Halama anxious to mount comeback

Family matters pulled John Halama away from the Majors three years ago. He’s hoping the Brewers offer an opportunity to get back. 

The 37-year-old left-hander earlier this week agreed to a Minor League contract that includes an invitation to Major League Spring Training. Halama has pitched in 262 Major League games in nine seasons for seven teams but he hasn’t been in a big league camp since 2006, with Baltimore. 

“I’m really thankful that they are giving me an opportunity,” Halama said from the Dominican Republic, where he was set to make his eighth winter league start on Wednesday night. “The way that it was explained to me was that I would come into camp with an opportunity to win a big league job, so I have to be ready to go. 

“That’s all I’ve ever asked, let me have an opportunity to open up some eyes. I’m really excited to get back in the game. I’ve had some personal things go on in my life that affected me and got me out of the game, but now I’m clear-minded and I’m ready to go. I’m getting a second chance, and I’m fully aware of that.” 

If Halama wins a spot on the Major League roster he would draw a $450,000 salary. Otherwise, he would go to Triple-A Nashville as insurance for the Brewers, who fell out of contention in 2009 when they failed to fill spots in the rotation caused by injuries to Dave Bush and Jeff Suppan.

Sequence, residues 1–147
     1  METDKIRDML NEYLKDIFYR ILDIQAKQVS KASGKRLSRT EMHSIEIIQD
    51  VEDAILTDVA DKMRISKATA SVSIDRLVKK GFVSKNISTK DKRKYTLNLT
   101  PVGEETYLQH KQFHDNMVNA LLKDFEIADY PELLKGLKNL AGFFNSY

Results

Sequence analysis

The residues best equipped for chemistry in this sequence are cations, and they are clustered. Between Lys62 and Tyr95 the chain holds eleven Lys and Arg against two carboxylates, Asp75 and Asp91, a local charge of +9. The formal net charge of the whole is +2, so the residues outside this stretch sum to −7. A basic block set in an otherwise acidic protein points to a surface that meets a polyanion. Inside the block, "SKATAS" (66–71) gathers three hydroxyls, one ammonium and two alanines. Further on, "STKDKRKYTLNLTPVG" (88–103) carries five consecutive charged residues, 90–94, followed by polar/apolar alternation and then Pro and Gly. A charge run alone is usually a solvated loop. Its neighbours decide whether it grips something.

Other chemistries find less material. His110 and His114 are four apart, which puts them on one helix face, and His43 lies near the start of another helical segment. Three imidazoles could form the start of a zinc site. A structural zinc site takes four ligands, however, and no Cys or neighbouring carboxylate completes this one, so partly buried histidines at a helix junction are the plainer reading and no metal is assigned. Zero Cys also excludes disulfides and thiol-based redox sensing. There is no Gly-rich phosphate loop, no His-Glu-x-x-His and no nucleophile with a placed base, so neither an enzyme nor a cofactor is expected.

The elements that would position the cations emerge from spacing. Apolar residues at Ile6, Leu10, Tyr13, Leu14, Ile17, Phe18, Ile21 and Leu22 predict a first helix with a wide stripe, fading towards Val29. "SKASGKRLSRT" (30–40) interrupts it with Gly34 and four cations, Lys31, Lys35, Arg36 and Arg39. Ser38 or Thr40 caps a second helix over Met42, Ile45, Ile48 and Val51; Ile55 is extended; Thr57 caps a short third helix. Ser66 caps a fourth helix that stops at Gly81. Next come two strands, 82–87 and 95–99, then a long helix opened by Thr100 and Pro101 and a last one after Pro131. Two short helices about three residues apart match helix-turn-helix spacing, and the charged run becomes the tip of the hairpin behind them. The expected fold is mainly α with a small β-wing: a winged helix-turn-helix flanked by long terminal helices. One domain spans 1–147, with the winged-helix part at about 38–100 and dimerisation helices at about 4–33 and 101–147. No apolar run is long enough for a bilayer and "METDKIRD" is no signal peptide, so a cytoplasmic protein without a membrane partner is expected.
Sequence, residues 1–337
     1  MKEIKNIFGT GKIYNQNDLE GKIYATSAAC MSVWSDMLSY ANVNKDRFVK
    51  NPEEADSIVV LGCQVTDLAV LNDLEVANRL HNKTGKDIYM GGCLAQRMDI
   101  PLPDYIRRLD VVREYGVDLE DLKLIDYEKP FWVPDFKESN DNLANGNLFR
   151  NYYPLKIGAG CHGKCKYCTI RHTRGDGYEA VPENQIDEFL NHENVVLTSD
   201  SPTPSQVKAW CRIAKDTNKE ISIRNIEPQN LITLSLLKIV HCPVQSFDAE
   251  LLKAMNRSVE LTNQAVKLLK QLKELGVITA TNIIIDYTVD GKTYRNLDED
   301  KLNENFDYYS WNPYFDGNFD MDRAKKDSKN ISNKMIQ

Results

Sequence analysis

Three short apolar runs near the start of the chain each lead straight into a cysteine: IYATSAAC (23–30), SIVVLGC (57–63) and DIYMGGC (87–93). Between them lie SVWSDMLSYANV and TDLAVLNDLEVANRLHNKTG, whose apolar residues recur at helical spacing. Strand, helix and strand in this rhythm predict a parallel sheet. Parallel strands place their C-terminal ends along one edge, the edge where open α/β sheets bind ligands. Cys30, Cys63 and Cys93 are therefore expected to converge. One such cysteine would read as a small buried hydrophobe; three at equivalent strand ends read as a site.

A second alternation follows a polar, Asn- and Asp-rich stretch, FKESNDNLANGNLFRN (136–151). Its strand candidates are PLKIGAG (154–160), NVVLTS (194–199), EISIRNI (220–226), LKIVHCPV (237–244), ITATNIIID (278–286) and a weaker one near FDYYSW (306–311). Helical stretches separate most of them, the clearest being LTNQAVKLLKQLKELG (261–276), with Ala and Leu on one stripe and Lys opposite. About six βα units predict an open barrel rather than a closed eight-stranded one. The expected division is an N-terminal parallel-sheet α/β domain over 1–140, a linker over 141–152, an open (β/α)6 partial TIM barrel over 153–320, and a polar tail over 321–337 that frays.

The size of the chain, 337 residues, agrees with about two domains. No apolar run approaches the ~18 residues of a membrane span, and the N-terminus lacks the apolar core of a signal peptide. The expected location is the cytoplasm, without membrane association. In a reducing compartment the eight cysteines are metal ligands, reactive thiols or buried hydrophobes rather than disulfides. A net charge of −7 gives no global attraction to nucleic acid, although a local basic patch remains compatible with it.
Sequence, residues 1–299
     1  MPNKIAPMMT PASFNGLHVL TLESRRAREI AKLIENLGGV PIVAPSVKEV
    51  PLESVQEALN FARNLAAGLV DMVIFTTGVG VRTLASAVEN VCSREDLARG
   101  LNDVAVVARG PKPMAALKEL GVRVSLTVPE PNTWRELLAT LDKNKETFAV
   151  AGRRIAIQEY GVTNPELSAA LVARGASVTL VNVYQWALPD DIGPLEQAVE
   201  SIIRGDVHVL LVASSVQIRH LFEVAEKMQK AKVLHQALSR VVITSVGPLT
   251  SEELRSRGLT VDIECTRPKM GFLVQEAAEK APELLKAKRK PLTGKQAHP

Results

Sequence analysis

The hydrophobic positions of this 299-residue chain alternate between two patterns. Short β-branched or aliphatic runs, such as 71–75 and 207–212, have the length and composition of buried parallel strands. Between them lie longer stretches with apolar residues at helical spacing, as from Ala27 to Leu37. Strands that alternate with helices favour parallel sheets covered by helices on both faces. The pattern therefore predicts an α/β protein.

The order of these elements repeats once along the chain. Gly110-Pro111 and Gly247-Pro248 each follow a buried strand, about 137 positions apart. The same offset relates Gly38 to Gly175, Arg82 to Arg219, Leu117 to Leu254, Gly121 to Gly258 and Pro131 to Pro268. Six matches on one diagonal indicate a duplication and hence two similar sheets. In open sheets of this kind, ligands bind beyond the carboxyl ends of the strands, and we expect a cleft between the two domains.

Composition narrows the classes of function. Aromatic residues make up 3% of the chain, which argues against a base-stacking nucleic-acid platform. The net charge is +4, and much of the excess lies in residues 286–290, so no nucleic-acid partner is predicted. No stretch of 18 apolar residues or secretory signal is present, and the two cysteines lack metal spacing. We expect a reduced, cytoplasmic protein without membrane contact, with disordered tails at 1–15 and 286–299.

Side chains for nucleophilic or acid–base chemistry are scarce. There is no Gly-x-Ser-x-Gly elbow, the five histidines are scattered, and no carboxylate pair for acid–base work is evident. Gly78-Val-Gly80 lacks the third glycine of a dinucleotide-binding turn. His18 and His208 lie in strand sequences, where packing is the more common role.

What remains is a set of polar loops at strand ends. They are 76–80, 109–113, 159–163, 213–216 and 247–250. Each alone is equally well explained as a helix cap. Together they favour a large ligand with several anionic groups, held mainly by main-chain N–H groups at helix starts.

Halama began last season in the independent Atlantic League and was 8-1 with a 1.96 ERA in 69 innings, drawing the interest of the Braves. At Triple-A Gwinnett, Halama was 4-7 with a 4.48 ERA in 13 starts and three relief appearances. He had a 3.69 ERA in his starts. 

Pitching for Aguilas in the Dominican Winter League, Halama entered his start Wednesday night 4-2 with a 1.64 ERA. In seven starts and 44 innings, he had 24 strikeouts and three walks. Both of the losses were in 1-0 games, according to Halama’s agent, Joe Rosario

Brewers amateur scouting director Bruce Seid and assistant scouting director Ray Montgomery happened to be in the Dominican Republic last week so they stopped by to watch Halama work six innings in a win over a Licey lineup that featured eight hitters with at least one game of Major League experience. Halama allowed one run on seven hits. 

“He did what you would expect from a guy with experience and know-how,” Seid said. “He pitched to his strengths with the ability to make adjustments. That’s what experienced pitchers do. He’s in good condition and his arm worked well, and experience takes over for those guys. It’s better than a Triple-A guy who’s 32, 33 but doesn’t have the big league experience.” 

Familiarity helped foster the deal. Halama pitched in Oakland in 2003 under now-Brewers manager Ken Macha and pitching coach Rick Peterson. Before that he pitched four seasons with the Mariners while Chris Bosio was a roving pitching coach for Seattle. Bosio is now a Brewers advance scout. 

Halama said he planned to make two more starts for Aguilas after Thanksgiving before returning to the U.S. He turns 38 on Feb. 22, two days after the formal date for Brewers pitchers and catchers to report for Spring Training. 

“I know it’s going to be different,” Halama said. “The baseball part is probably going to feel weird because I haven’t been in big league camp in so long, but I’m positive that I’ll fit in. It’s going to be a little foreign to me, but not too foreign.”

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